The Nats haven't even drafted Harper yet. All draft choices are a crap shoot. As good as he is, his chances of making it to MLB are low and stardom much lower. Relax, watch, and enjoy. Getting all hyped up about things that might happen are not worth the stress when they don't.

Posted by: natsguy | January 3, 2010 11:59 AM | Report abuse

I know that September stats are overlooked, but here's something that jumped out at me...
In the Nationals 7-game win streak to end the season, all seven games were won by the bullpen. The starters had seven straight no decisions, BUT had six quality starts; The only pitcher who didn't get credit was Detwiler, who threw 5 innings of one-hit shutout ball, but was on a pitch count.

Posted by: BinM | January 3, 2010 12:04 PM | Report abuse

One more bit of navel-gazing on the 2009 season - If Bowden & the Lerners' had signed just one "inning-eating" replacement-value pitcher in 2009, the team could have avoided the following:
1) Signing Daniel Cabrera, he of the 0-5 record in eight starts (I know, he was supposed to be the player i'm referencing, but this is in hindsight).
2) Burning an option early on Ross Detwiler (1-6 overall, 4 of 14 in quality starts over two periods).
3) Burning an option on Collin Balester (1-4 in seven starts, 1QS).
4) Burning an option on Marco Estrada (0-1 in one start).

That's a 2-16 heartbreak that, in hindsight, could have been avoided last year. Hopefully, Rizzo & Co. have noted this and will learn from it.

Posted by: BinM | January 3, 2010 12:58 PM | Report abuse

Okay guys, new question for a slow end to a holiday weekend...say the market for a second established free agent starter gets drier than it currently is. You're Rizzo --- what trade are you making and for who? Who's included from our end?

Posted by: ontheblack84 | January 3, 2010 1:26 PM | Report abuse

@ontheblack: Here's four possibles, imo.

FLA - Josh Johnson (SP, R)
WSH- Eury Perez (OF), Justin Maxwell (OF), Shiron Martis (SP, R) + lo-A prospect.

CIN - Aaron Harang (SP, R)
WSH - Josh Willingham (OF), Garrett Mock (SP-RP) & cash.

PIT - Zach Duke (SP, L)
WSH - Ross Detwiler (SP, L), Chris Marrero (1B), + AA RP + cash.

KC - Luke Hochevar (SP, R)
WSH - Luis Atilano (SP, R), either Shairon Martis (SP, R) or Justin Maxwell (OF), + prospect.

I may have undervalued Duke & Hochevar, but that's a good starting position.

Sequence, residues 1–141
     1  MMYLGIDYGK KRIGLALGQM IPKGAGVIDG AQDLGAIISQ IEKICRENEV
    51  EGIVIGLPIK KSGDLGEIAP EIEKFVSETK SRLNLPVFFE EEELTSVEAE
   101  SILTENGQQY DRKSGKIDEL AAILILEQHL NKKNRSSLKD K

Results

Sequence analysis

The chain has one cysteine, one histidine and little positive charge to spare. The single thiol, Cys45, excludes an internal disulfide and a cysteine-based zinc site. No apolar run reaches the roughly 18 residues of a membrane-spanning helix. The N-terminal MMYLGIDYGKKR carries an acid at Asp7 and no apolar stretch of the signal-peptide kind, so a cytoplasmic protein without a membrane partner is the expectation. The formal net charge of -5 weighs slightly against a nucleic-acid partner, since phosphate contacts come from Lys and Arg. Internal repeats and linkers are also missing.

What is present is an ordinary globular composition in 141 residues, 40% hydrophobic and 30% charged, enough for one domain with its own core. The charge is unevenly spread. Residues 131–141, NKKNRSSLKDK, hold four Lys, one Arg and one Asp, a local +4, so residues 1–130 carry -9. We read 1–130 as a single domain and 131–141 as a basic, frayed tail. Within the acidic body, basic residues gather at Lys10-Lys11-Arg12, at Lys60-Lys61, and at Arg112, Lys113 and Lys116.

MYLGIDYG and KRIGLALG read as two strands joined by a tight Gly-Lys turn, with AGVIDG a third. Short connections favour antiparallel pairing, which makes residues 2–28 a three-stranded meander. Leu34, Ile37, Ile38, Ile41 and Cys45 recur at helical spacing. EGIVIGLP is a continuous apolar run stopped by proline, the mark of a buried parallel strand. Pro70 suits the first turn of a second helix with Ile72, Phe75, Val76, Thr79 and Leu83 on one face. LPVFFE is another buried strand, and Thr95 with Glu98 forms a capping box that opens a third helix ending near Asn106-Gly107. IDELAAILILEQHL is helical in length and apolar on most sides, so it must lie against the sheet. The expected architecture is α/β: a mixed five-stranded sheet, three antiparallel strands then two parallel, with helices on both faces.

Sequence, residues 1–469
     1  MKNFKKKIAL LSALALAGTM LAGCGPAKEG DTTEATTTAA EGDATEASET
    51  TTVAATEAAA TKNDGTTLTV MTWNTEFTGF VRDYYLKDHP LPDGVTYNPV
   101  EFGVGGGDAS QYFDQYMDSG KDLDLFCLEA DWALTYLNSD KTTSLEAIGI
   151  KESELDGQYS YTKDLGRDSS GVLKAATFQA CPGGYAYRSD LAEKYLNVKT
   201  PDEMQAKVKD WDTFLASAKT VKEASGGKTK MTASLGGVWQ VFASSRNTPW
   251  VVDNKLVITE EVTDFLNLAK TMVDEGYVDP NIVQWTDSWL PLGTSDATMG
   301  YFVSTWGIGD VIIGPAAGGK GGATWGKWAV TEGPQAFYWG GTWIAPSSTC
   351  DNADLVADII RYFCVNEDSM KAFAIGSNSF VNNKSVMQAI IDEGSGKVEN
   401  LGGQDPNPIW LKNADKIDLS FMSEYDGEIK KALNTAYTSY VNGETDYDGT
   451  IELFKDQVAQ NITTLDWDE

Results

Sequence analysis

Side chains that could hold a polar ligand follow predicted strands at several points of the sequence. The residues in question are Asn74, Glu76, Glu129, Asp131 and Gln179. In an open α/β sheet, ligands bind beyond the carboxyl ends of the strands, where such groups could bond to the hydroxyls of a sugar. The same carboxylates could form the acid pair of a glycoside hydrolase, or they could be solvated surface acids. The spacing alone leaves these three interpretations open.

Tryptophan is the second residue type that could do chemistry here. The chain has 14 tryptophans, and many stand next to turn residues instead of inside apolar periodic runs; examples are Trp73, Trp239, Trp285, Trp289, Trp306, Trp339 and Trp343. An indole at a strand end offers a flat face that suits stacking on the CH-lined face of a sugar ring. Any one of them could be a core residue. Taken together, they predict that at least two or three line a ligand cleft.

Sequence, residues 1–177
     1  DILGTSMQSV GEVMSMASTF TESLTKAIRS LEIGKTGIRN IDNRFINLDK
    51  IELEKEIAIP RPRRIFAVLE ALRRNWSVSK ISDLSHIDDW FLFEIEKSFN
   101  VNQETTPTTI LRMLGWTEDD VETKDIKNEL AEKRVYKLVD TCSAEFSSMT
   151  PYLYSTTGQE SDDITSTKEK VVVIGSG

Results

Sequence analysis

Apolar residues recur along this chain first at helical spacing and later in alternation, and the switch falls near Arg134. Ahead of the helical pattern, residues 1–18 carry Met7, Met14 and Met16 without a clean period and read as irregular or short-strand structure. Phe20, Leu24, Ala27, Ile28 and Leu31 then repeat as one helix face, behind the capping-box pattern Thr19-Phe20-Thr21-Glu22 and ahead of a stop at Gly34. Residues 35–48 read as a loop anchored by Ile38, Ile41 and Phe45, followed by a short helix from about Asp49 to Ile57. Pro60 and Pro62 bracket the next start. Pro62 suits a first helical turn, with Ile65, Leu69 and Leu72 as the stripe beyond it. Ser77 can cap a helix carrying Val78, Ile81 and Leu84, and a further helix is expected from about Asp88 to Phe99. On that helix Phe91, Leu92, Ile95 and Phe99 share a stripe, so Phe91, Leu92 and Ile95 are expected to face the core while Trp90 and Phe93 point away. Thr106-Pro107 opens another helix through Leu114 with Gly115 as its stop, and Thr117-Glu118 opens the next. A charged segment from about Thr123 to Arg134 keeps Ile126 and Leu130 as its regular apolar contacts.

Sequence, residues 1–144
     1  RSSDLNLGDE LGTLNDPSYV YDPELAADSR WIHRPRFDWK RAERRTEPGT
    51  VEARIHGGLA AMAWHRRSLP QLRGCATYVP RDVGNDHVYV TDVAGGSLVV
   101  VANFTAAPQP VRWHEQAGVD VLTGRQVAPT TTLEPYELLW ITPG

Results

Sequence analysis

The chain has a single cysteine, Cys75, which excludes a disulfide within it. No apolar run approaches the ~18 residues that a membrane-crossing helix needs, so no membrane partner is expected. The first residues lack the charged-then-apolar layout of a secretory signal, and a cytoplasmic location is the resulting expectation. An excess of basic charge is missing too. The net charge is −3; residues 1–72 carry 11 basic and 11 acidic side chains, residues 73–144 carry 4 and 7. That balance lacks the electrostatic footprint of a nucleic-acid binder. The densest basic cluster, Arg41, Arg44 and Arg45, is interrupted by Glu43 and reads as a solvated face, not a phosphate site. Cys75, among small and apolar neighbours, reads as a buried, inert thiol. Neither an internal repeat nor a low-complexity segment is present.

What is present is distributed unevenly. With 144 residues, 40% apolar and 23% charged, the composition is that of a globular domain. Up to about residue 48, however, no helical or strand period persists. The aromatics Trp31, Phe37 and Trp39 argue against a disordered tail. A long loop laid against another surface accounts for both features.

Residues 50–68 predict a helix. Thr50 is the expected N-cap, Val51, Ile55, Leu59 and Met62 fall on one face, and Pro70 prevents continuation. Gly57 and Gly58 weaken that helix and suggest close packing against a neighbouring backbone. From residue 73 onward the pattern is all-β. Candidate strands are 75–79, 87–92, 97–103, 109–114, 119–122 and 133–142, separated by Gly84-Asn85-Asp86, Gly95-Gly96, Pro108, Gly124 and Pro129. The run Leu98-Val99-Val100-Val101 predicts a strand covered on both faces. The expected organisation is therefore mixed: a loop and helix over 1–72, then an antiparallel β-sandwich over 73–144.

Posted by: BinM | January 3, 2010 2:18 PM | Report abuse


Interesting possibilities. I don't think FLA does that deal though. Johnson is a total stud young pitcher. I think the Duke deal would be good for both sides, although I agree with a slight undervalue. I do wonder if Huntington in PIT would give him up for fear of a complete fan revolt worse than they already have there. I think they'd have to get some kind of major league talent back to show their fans they're trying to be competitive sooner rather than later. (Sound familiar?)

One little known fact from the '09 season: Detroit lost a CRAZY amount of money this year trying to keep a winner on field for the fans during the economic devastation in the city. But they can't maintain that amount of red ink for much longer and are allegedly looking to unload one of their expensive corner outfielders to the Yankees. Assuming they do, out of left field, and as an admittedly overly bold move am I crazy to say...?

WAS - Josh Willingham (OF), Ross Detwiler (SP), Tyler Clippard (SP) + AA prospect or cash considerations
DET - Justin Verlander (SP)

Okay...I might be crazy. It's cold outside and I'm trying to kick up trouble.

Posted by: ontheblack84 | January 3, 2010 4:14 PM | Report abuse

Nice try, but IMO,

1- Florida does not make that trade. Not realistic.

2 - Seems reasonable from Cincy side, but not sure the Nats would want to make that trade.

3 - Zach Duke is not that good. I can't imagine the Nats would want to give up either player straight up for Dukes.

4 - KC does not make that deal.

Posted by: natbiscuits | January 3, 2010 4:15 PM | Report abuse

If we are going to make a trade with Detroit, can't we get Scott Seizmore?

Posted by: soundbloke | January 3, 2010 4:36 PM | Report abuse

I wonder if the Mariners might trade Yuniesky Betancourt for a player like Colin Balester?

Posted by: natbiscuits | January 3, 2010 4:37 PM | Report abuse

I was off base on the Zack Duke thing. I did not realize how significantly he improved from 2007 and 2008. Still, I'm not sure he is better than Detwiler can be.

Posted by: natbiscuits | January 3, 2010 4:43 PM | Report abuse

@ontheblack, bisquits: The PIT FO might not want that deal right away, but Duke is due for an Arb-2 hearing in February.

Regarding any deal with DET, I don't think the Nationals are ready to eat that much salary - Verlander is good, but that's a lot of $$$ per win share, imo.

Posted by: BinM | January 3, 2010 5:09 PM | Report abuse